April 8, 1918

UNION

John Hampden Burnham

Unionist

Mr. BURNHAM :

If that he the case, why not dispense with further discussion; it is not necessary to go into the merits of the case, at all, because the people rule. This is the age of democracy. When we speak of prerogatives, there is no prerogative but that of the people. When the people have said we do- not wish for titles, that is enough.

Topic:   QUESTIONS PASSED AS ORDERS FOR RETURNS.
Subtopic:   HEREDITARY TITLES IN CANADA.
Sub-subtopic:   MOTION BY MR. NICKBE FOR ADDRESS TO HIS MAJESTY NOT TO CONFER THEM.
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?

Some hon. MEMBERS:

Hear, hear.

Topic:   QUESTIONS PASSED AS ORDERS FOR RETURNS.
Subtopic:   HEREDITARY TITLES IN CANADA.
Sub-subtopic:   MOTION BY MR. NICKBE FOR ADDRESS TO HIS MAJESTY NOT TO CONFER THEM.
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UNION

John Hampden Burnham

Unionist

Mr. BURNHAM:

Whether it is philosophically and intrinsically correct, or otherwise, it is not for us to say. The people, not le Roi, reign, and what the people will must he done. I am not, nor is anybody else, speaking in the slightest disrespect of the institution of monarchy. It has served its purpose in the past, and no doubt will serve its purpose in the future. That does not in the least derogate from the fact that the people do not want precedence and privilege which were once and for all swept away by the French Revolution. The people want more of that; and if this war does not suffice to convince men that the good and the peace of the world depend upon democracy, then in God's name, what will convince them?

I have been asked why I did not bring this matter up again. For two reasons: One was that I thought that titles were an

insignificant thing in comparison with the issues at stake at the present time, and in the face of the very fact that our soldiers one and -all deserve titles- which we have not the power to give them.

Topic:   QUESTIONS PASSED AS ORDERS FOR RETURNS.
Subtopic:   HEREDITARY TITLES IN CANADA.
Sub-subtopic:   MOTION BY MR. NICKBE FOR ADDRESS TO HIS MAJESTY NOT TO CONFER THEM.
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?

Some hon. MEMBERS:

Hear, hear.

f

Topic:   QUESTIONS PASSED AS ORDERS FOR RETURNS.
Subtopic:   HEREDITARY TITLES IN CANADA.
Sub-subtopic:   MOTION BY MR. NICKBE FOR ADDRESS TO HIS MAJESTY NOT TO CONFER THEM.
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UNION

John Hampden Burnham

Unionist

Mr. BURNHAM:

That is one reason and in response to the request of the member for Kingston (Mr. Nickle) I gave him that reason. There was another reason which I did not give him and that reason is this: Having the abolition of the titles of honour thoroughly at heart, I was looking for cooperation, and if I could find one, two, three or a dozen more who would take up the burden-I knew my own heart was true -I was glad to see them co-operate and undertake it. Therefore was I not delighted to see the member for Kingston -and the member for Brome (Mr, McMaster) put resolutions on the Order Paper? Far be it from .me to say that they have stolen my thunder. More power to them. Let us have more expression from -the people of this country. We had -an expression from the people through the newspapers. The newspapers- exercise a very great power in this country, -and I must freely and frankly say that it is a power for good. They are doing with a conscientiousness the work of expressing public opinion upon democratic principles in Canada that speaks well for the future of this country, and the men of this House must see to it that they keep abreast of the times, of the newspaper, of the aspirations of the people, and of the very right -and- justice of the case.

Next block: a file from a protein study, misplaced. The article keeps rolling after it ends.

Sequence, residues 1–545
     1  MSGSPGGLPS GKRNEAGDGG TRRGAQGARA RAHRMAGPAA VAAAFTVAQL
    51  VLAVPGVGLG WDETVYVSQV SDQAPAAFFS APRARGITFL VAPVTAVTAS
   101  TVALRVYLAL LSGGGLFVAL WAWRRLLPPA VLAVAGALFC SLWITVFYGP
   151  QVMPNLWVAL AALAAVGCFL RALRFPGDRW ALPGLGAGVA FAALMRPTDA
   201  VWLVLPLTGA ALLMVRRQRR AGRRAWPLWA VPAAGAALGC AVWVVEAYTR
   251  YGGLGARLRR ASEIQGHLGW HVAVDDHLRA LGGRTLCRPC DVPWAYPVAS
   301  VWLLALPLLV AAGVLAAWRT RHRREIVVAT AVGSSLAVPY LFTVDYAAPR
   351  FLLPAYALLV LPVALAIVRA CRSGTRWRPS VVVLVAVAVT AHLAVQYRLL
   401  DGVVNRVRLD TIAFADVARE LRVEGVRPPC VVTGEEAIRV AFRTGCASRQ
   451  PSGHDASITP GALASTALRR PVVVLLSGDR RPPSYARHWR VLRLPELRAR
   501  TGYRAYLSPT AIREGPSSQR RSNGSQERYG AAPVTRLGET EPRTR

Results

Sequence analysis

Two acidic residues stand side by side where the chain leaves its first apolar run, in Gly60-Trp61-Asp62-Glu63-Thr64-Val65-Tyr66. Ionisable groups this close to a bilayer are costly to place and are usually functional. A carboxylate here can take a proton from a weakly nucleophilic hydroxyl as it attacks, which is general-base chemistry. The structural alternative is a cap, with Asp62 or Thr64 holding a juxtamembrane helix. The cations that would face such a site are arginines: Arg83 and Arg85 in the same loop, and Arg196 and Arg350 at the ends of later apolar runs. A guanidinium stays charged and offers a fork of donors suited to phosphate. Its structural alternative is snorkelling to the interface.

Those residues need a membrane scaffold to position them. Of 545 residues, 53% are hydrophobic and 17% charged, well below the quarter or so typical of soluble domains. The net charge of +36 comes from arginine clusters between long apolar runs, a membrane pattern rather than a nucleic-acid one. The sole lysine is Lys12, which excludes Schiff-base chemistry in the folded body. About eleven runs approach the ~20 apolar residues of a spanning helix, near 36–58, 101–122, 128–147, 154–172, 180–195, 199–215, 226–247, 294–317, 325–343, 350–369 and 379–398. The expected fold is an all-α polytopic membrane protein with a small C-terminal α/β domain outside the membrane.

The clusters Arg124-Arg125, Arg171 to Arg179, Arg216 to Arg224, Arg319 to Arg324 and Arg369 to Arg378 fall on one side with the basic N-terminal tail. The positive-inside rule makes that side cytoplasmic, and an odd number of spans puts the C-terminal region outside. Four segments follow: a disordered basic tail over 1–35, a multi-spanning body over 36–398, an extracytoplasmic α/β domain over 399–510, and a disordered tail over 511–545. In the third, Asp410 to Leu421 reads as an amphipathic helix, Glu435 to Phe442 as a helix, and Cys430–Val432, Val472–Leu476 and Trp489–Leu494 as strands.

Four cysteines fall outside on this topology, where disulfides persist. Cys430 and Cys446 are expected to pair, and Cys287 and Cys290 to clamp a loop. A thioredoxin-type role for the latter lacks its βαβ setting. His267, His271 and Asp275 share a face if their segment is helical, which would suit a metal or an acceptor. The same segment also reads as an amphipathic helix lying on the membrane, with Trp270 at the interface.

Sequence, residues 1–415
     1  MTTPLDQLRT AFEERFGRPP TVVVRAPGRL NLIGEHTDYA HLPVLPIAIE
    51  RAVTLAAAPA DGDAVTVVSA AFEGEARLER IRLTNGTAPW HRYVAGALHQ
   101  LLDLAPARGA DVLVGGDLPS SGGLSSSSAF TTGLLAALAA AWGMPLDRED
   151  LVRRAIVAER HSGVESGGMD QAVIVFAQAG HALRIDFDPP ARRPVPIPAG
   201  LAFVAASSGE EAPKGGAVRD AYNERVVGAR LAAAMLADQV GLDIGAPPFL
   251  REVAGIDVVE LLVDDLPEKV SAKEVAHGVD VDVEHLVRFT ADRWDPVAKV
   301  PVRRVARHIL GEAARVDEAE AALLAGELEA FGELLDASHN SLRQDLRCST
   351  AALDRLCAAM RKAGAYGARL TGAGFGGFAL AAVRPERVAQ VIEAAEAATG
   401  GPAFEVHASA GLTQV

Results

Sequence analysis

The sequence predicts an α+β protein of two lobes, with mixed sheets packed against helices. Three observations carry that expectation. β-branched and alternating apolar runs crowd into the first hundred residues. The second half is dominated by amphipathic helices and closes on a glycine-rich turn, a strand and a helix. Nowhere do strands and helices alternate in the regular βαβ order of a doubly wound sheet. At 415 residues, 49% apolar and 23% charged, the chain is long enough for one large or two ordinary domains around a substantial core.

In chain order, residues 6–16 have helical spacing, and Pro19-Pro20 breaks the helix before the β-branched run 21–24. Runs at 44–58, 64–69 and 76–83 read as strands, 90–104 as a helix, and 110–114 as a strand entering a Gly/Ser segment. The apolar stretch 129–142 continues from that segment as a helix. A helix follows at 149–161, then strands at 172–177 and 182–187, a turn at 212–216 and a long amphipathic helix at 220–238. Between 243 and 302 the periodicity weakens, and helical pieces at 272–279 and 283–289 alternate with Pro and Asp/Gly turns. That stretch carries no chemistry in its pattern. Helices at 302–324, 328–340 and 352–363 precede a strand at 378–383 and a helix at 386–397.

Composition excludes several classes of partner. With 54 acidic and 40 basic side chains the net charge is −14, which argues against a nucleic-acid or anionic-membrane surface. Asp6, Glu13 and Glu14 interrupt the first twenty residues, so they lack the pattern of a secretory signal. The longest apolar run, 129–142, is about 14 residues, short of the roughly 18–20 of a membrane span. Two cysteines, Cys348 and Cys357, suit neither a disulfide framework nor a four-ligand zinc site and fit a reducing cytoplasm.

I cannot sit down without saying that I quite .heartily concur in the statement of the member for Kingston when he says, in appreciation of the very forward steps taken by the Government in the OrdeT in Council, that a vote of this House would very greatly strengthen the hands of the ministry. I trust therefore, that the resolution will go on record, and not only so but that the chief men of this House, the men who in future will historically represent public opinion in Canada, men like the Prime Minister, the leader of the Opposition -and others will be chronicled' with the men who represent Canada in this great new Parliament, throbbing with the new life of the country, where there are so many representatives of a high order commercially and otherwise, in this new Parliament fresh from the people and through thoroughly understanding wh-at the spirit of democracy in Canada is, in putting on record that they do not wish any further so-called titles of honour to he conferred

upon its citizens, but that every man should do his level best for his country and realize that the highest reward he possibly can have is a consciousness of having unselfishly, done his duty.

Topic:   QUESTIONS PASSED AS ORDERS FOR RETURNS.
Subtopic:   HEREDITARY TITLES IN CANADA.
Sub-subtopic:   MOTION BY MR. NICKBE FOR ADDRESS TO HIS MAJESTY NOT TO CONFER THEM.
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L LIB

Ernest Lapointe

Laurier Liberal

Mr. ERNEST LAPOINTE (Kamour-aska):

Topic:   QUESTIONS PASSED AS ORDERS FOR RETURNS.
Subtopic:   HEREDITARY TITLES IN CANADA.
Sub-subtopic:   MOTION BY MR. NICKBE FOR ADDRESS TO HIS MAJESTY NOT TO CONFER THEM.
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?

An hon. MEMBER:

He did not forget

the " beaver " either.

Topic:   QUESTIONS PASSED AS ORDERS FOR RETURNS.
Subtopic:   HEREDITARY TITLES IN CANADA.
Sub-subtopic:   MOTION BY MR. NICKBE FOR ADDRESS TO HIS MAJESTY NOT TO CONFER THEM.
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L LIB

Ernest Lapointe

Laurier Liberal

Mr. E. LAPOINTE:

That gentleman has been given a new position recently. I -must say that if -a capacity for disseminating the opposite of truth is a qualification for the office, he possesses tihiis fitness to a remarkable degree. Buffon has said: